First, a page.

UK: Looking Forward – Reporting And Accounting Update For Registered Social Landlords

Last Updated: 14 June 2007
Article by Deloitte Audit Group

Most Read Contributor in UK, August 2017

SORP 2007

The exposure draft of the SORP was published in summer 2006 and it was expected that the final SORP would have been published at the end of this month with RSLs encouraged to adopt early in their March 2007 accounts.

However, the proposals, particularly in respect of shared ownership accounting, have met with significant opposition. It seems unlikely that the shared ownership accounting proposals will be dropped completely, but the SORP working party is reviewing the proposals carefully and is likely to come up with a slightly revised consultation draft of the SORP in the next couple of months with another Exposure Draft in the autumn. Although the SORP has not been issued in final form, a number of RSLs are already accounting for first tranche sales through the income and expenditure account and it is likely that more will be adopt this accounting policy in this year’s financial statements.

FRS 18 permits this treatment provided that the directors can justify that inclusion of first tranche sale proceeds in the income and expenditure account gives a fairer view of the performance of the RSL rather than the previous treatment. It should not be simply because it would allow the RSL to meet its debt covenants or show a surplus rather than a deficit! FRS 18 requires an RSL adopting this treatment to disclose the rationale for and fact of the departure from the 2005 SORP in their financial statements, and, if this treatment is adopted for the first time this year and the effect is material, to restate the prior year accounts to reflect a change in accounting policy.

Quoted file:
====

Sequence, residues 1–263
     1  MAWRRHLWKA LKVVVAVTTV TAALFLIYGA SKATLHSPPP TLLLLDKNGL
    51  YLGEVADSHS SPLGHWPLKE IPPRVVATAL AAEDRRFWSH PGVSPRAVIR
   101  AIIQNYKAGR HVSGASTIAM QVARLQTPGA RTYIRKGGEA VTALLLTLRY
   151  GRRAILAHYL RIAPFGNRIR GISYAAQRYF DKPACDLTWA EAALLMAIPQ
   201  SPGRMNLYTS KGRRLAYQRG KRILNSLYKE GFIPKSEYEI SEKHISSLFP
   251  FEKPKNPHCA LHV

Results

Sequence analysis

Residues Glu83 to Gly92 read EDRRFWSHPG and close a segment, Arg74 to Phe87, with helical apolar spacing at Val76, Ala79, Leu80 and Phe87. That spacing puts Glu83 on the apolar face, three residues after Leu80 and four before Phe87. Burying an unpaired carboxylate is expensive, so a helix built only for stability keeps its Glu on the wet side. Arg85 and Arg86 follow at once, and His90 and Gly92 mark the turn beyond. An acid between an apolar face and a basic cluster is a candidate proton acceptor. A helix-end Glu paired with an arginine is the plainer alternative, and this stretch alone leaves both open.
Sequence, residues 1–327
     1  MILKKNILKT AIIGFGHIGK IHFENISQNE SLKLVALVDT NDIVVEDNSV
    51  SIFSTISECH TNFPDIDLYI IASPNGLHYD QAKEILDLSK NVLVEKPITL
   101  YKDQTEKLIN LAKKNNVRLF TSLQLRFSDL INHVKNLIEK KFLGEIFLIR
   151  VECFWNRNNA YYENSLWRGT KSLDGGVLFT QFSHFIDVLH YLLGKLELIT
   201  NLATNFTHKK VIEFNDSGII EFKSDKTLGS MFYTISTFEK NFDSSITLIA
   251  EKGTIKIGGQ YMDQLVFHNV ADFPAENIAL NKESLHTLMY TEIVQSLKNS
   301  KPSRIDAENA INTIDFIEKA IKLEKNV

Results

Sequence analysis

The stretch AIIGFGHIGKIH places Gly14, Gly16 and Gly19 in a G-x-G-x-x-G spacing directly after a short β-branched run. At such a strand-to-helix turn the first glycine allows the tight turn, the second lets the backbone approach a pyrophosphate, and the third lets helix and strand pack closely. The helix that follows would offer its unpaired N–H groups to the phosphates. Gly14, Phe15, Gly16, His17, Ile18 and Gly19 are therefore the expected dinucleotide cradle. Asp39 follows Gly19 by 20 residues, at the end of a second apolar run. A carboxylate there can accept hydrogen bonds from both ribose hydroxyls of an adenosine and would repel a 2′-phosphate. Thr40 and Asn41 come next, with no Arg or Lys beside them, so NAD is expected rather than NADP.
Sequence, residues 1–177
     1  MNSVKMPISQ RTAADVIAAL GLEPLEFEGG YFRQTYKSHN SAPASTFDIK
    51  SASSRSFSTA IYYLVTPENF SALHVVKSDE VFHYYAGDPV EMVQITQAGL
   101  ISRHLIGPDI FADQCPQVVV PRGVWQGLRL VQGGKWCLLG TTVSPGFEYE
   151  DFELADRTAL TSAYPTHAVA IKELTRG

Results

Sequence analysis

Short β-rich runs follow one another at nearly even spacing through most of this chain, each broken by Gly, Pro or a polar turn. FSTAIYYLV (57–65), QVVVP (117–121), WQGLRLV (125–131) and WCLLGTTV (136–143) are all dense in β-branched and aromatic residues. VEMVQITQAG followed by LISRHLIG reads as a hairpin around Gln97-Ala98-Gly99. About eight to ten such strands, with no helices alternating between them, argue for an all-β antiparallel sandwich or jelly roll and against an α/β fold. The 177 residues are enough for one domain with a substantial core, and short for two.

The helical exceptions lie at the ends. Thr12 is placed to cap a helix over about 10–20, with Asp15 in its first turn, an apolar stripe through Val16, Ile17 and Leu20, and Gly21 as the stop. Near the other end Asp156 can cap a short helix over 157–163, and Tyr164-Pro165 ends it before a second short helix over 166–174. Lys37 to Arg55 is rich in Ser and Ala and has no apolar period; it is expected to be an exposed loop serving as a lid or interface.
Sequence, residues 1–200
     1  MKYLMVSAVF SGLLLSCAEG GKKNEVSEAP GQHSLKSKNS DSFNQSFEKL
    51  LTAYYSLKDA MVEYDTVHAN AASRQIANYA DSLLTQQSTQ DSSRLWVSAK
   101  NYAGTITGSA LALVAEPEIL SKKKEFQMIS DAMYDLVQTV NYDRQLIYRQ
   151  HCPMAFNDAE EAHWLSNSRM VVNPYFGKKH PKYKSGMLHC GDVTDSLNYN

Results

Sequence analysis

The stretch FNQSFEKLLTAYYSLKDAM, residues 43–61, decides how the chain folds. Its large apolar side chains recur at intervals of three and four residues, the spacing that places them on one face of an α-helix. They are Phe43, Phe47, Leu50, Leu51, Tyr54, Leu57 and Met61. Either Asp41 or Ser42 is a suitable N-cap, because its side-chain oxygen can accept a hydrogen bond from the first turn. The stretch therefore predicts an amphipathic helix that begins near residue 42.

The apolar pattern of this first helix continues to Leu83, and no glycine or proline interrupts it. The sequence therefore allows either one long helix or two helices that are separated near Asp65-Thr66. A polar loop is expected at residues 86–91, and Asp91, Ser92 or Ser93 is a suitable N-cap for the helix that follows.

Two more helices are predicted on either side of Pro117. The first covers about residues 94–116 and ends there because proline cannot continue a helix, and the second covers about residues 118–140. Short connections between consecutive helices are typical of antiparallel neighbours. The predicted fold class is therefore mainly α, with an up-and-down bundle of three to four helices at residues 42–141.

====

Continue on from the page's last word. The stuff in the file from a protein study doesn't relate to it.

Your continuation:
If you are looking to adopt the shared ownership proposals early remember the other accounting implications:

  • The proportion of shared ownership properties to be sold under a first tranche sale needs to be included within current assets and an analysis given between completed shared ownership properties and those in the course of construction.
  • The first tranche sale proceeds need to be included within turnover and the relevant proportion of the development costs as well as marketing and legal costs should be included in cost of sales. Other key changes in the exposure draft of the SORP include the following:
  • Accounting for complex developments – where an RSL is involved in cross subsidy schemes, i.e. properties are being built for sale within a development in order to finance social housing in the same scheme, profits should not be recognised on the properties for sale if the result would be that the social housing would be carried at a value in excess of its EUV-SH valuation. However, complications may arise where the properties for sale are being developed in one entity within an RSL group but the social housing is being recorded in another entity. In this instance, particular care needs to be paid to allocating costs between the two entities and potentially profits in the entity selling the properties may need to be eliminated on consolidation if this results in the social housing being held at a value in excess of EUV-SH in the group accounts.
  • Related Party disclosures – the exposure draft appears to require disclosures which go beyond those strictly required by FRS 8. Our response to the exposure draft recommended that the SORP should not include these disclosures. If the Housing Corporation believe that the additional disclosures are required then they should instead be included in the next version of the General Determination.
  • Accounting for transfers – the SORP requires that RSLs consider whether large scale voluntary transfers are actually transfers of an undertaking rather than a simple purchase of assets. Key features of the former might be that existing staff are being transferred together with operating systems and other operating assets. The implications are that if the transfer is really an acquisition of a business rather than the acquisition of fixed assets, then the assets and liabilities acquired should be fair valued and accounted for under FRS 7.